(Blackstrap molasses: this stuff has lots of vitamins- especially calcium and iron. So you might think about putting this on top of your cereal in the morning….)
Vitamin B12: Contrary to popular belief, B12 is not made by animals. It is not made by plants. It is only made by microorganisms, like bacteria. If you eat meat, you get it in the bacteria in meat (gross)! If you eat plants you can get it if you eat dirt. That’s right, if you have an organic carrot, or something, you can just knock off the biggest bits of dirt and know that the soil bacteria living on the carrot are making B12 for you. If this seems weird, don’t worry, because there is an even better source of B12, and that’s nutritional yeast. Nutritional yeast flakes and brewers yeast are made from cultures of microorganisms that are making lots of B12 that you can eat. I always keep plenty of the yellow NYF around and I shake it on everything: salads, soups, potatoes, you name it. It imparts a bit of a cheesy taste, and a favorite at the vegan coops around town is popcorn seasoned with NYF, olive oil, and lemon pepper, (and Tabasco sauce at my house!) So go to PFC (People’s Food Coop on 4th street) and stock up on nutritional yeast.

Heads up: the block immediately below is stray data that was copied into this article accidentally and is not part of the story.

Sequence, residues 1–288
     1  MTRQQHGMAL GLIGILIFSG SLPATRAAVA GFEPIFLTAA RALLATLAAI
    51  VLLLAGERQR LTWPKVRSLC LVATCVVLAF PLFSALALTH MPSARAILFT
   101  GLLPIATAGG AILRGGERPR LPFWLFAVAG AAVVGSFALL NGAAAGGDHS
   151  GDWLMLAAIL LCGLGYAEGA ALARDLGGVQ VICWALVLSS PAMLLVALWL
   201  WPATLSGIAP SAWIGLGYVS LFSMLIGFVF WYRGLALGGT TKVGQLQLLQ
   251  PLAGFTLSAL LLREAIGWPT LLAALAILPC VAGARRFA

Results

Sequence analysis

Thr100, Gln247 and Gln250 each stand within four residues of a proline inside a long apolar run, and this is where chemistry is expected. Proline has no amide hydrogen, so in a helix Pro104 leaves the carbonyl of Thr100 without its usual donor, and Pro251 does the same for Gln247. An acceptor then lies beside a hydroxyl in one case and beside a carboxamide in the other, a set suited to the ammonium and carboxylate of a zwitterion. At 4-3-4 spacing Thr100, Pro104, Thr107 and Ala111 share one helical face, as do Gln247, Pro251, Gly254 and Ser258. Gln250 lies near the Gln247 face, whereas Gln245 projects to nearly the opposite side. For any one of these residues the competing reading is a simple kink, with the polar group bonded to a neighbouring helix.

Vitamin D: This is not in plants, but you need it to process and use calcium. You can get it in certain fortified foods, or soymilks: like Edensoy Extra (cow milk companies also put vitamin D in their milk so that it is there to help you absorb calcium; it’s not naturally in the milk.) Also, you can make Vitamin D yourself! Your body makes it by using sunlight energy (this is the way all animals get vitamin D)! If you get about fifteen minutes of strong sun on your face and hands two to three times a week, you will make enough vitamin D. (This may be hard to do in Michigan in November, so you might want to get that Edensoy…)
Finally, I recommend that you buy one of the vegan nutrition books available. There is a nutrition section in the most recent edition of Dr. Spock’s Infant and Child Care that promotes veganism, and I also have heard that The Vegan Health Plan by Amanda Sweet is very good, in addition to any books listed on our reading list.
What’s Wrong With Dairy Products? Read this article by the Physician’s Committee for Responsible Medicine and get the lowdown. Eight convincing reasons to leave cow products behind.